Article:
Female Hormone Imbalances: Adrenal Gland Dysfunction

– Hi folks Dr. Ed Beyer, today we’re discussing
female hormone imbalances and we’re gonna be
discussing a very common one that I see in the 30 years
I’ve been in practice and that is adrenal gland dysfunction. So now the typical patient that I’ve seen over the hundreds of young females or females in their 30s, 40s,
early 50s that have come to me complaining of weight
gain, of mood swings, PMS, hair loss, you know
gaining hair on the face, infertility, polycystic ovarian
syndrome, endometriosis, weight and fatigue, acne,
all these different symptoms that we see when the female
cycle gets dysregulated. And so many of them go
through traditional medicine and they end up being put
on synthetic hormones. So that’s not what we’re all about, I practice functional medicine
and I’m more interested in why a female would have
a hormone problem, okay? The underlying causes. And this stuff that I’m sharing with you really is just endocrinology 101. And it’s all in the scientific literature. So today I’m going to be
sharing a very common one. And that is the adrenal gland
not doing what it should do. Now the adrenal glands
are these little glands that sit on top of our
kidneys and they become more important to a female because as a female gets about 30, 32, the levels of progesterone
start to drop, okay. A female starts to make less progesterone at the age, from their
ovaries, in their early 30s. So by the time they hit menopause, which the average age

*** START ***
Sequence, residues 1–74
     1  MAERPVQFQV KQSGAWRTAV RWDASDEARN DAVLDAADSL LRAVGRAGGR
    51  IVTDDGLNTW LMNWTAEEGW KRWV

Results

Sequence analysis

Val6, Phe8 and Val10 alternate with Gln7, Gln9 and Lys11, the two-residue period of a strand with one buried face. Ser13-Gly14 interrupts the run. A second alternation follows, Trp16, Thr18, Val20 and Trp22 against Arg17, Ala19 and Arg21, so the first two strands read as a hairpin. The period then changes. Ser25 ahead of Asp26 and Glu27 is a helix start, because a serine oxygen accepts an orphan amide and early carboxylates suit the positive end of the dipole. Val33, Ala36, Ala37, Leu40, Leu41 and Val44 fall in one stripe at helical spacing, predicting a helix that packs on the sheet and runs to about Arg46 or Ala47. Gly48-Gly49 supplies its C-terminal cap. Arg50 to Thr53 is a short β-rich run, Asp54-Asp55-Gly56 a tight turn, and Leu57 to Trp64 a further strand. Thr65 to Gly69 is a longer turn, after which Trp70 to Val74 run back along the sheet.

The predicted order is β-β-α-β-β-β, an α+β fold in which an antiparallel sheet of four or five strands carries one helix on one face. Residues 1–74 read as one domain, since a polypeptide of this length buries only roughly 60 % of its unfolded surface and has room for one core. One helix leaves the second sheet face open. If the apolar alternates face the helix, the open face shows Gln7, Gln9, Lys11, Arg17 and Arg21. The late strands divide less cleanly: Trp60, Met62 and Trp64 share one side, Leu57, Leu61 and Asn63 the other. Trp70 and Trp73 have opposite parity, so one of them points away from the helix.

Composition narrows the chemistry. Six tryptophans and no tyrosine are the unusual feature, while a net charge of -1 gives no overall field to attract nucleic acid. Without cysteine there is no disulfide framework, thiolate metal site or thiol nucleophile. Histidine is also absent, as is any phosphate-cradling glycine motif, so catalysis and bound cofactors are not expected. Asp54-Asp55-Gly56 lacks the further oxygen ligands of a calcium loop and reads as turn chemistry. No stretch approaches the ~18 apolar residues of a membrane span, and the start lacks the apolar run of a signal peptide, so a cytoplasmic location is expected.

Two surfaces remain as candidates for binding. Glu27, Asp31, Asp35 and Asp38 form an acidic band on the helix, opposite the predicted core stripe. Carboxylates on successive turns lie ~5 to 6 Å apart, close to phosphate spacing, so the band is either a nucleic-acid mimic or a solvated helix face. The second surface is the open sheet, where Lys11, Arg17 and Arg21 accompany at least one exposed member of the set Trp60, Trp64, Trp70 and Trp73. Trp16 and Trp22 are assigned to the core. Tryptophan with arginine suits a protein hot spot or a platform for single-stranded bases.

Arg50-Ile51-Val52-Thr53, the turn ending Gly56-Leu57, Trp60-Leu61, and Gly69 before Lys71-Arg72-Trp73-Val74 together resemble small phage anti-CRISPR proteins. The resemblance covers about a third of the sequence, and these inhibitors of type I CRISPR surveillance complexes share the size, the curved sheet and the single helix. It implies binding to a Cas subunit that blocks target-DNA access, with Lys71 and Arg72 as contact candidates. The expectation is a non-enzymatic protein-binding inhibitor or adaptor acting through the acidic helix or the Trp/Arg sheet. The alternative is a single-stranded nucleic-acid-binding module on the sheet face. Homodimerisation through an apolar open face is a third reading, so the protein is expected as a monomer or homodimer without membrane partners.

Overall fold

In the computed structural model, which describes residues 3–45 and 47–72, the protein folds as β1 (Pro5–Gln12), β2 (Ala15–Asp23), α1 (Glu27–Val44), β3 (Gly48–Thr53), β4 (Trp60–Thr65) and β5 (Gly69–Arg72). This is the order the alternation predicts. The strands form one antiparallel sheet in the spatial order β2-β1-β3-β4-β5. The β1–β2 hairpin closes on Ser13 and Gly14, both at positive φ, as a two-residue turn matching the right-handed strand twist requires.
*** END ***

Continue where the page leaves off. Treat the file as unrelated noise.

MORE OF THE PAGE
is 51, they’re making about 70% less progesterone at menopause than they are in their early 30s, okay. So what happens is, is the adrenal glands become a backup gland for progesterone. And if you’ve been watchin’ my videos and if you’ve been looking at this at all, we know that the levels of
progesterone over estrogen, that ratio, is extremely important for proper hormone balance in a female. So the adrenals become
more important in young 30s to 50 and beyond for progesterone. Now some of the symptoms that we see when the adrenals start to poop out on us. And the adrenals are our stress glands so they really get overworked
when we’re under stress whether that’s stress be,
a death in the family, a divorce or an anemia or, you know, inflammation or an infection. So they can’t fall or stay asleep. Fatigue especially in the
morning and late afternoon. Dizzy when they stand up too quickly. They perspire too easily. Headache with exertion, weak nails, they wake up feeling tired
even though they’re sleeping. Swelling in the hands and especially down at the ankles. Frequent urination is a common one. Poor muscle endurance, muscle cramps, they can’t hold their
breath very long, anxiety. And so these are some, and
there’s others, adrenal symptoms. Now the adrenal glands, the
cortex or the outer part of the adrenal glands,
produce six hormones. Cortisol, which is a steroid hormone that regulates blood sugar
when we need it to go up. It also regulates metabolism
and our immune system and reduces inflammation